Officer bodycam footage showing an intense gunfight with a suspect was recently released by the Denver district attorney office with a declaration of his innocence.
The video captures the June 13 incident in which Denver Police officers Travis Lloyd and Sean Drew encountered the suspect, who shot Lloyd and a bystander, KDVR reported last week. That didn’t stop Lloyd from carrying out his duties, however.
The suspect, Carnell Nelson, carried out an armed robbery of a downtown Denver 7-11 store. An employee fled the store and flagged down a police car with Lloyd and Drew inside. A bystander pointed down the sidewalk, telling the officers, “Right here. He’s got a gun.”
When they began to pursue Nelson, he started shooting toward them, firing off five shots. Lloyd was shot in the leg, and a woman nearby was shot in the foot.
Despite his injuries, Lloyd returned 13 shots toward Nelson, with one striking Nelson in the chest.
Drew, who was behind Lloyd, didn’t fire his weapon. He took cover to radio for backup, and began applying a tourniquet to Lloyd’s leg. “Shots fired, shots fired! Get me cars here Code 10,” Drew called into the radio.
The video shows blood from Lloyd’s leg wound as he maintained his position with his gun aimed at Nelson, who he observed still moving. Despite Drew’s urging, Lloyd refused to move until other officers secured Nelson.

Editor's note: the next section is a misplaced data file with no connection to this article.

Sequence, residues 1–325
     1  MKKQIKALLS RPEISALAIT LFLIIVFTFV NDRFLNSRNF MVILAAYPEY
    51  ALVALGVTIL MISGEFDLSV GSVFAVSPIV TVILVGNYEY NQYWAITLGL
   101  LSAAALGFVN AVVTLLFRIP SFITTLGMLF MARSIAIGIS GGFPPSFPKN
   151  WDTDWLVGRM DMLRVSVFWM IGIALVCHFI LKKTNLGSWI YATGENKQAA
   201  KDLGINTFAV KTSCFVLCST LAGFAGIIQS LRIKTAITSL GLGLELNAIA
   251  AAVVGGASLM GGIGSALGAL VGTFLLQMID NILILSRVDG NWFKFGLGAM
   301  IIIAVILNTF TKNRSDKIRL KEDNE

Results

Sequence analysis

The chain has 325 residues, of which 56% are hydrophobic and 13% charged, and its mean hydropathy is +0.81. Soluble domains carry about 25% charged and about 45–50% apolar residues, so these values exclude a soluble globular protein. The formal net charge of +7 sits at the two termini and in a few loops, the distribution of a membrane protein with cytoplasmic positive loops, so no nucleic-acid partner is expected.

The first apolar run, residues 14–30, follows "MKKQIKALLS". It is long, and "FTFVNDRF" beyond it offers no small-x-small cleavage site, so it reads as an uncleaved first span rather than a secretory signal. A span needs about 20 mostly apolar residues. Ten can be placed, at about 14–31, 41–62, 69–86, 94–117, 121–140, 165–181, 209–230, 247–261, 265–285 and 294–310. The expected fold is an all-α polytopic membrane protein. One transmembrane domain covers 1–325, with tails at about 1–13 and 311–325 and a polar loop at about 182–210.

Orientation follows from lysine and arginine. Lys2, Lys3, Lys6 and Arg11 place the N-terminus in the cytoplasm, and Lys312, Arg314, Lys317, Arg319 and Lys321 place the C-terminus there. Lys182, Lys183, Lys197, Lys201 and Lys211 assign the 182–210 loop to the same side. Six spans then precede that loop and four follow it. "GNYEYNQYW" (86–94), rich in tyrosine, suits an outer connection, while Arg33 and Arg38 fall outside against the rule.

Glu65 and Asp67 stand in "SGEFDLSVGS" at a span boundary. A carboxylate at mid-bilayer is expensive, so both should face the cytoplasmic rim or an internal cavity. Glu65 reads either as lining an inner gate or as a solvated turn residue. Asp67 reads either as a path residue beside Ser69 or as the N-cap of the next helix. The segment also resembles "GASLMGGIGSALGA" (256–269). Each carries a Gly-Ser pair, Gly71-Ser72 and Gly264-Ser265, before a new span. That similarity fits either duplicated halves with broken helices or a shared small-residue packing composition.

Body Cam shows the moment a
7-11 convenience store robber shoots @DenverPolice officer who fires back killing the suspect. @DenverDAsOffice rules Officer Travis Lloyd was justified. #kdvr pic.twitter.com/gA7lhrT7Yn
— Rob Low (@RobLowTV) September 12, 2018
When officers reached Nelson, he was unresponsive next to a cash drawer with at least $180, as well as a .40 caliber Glock handgun and five shell casings.
A letter from District Attorney Beth McCann announced the completion of the investigation on Sept. 12, and concluded “no criminal charges are warranted against Office Lloyd … based on Colorado criminal law.”
The letter detailed Lloyd’s remarks made during the investigation. He was asked what his concerns were during the encounter.
“Dying,” he said. “The best way to put it is I don’t… I guess you never know how you’re going to react when you’re getting shot at, but once I recognized that I was getting shot at… I was, I was not going to let him kill me. I’m not going to let him get away, you know after shooting me…I’m going to make sure that he stops shooting at me and doesn’t have the ability to kill someone else.”
“Under these extremely dangerous circumstances, Officer Lloyd made a split-second judgment, and his decision to return fire after being shot and shoot Mr. Nelson in self-defense, in defense of others, and to effectuate an arrest, was clearly justified under Colorado law,” McCann’s letter determined. “He may well have prevented injury not only to himself or his partner, but also to those in the vicinity,” the letter added.
Once Nelson was secured, Lloyd left his position to check on the injured bystander. He provided first aid instructions to someone helping the injured woman, and still refused to sit down at his partner’s urging.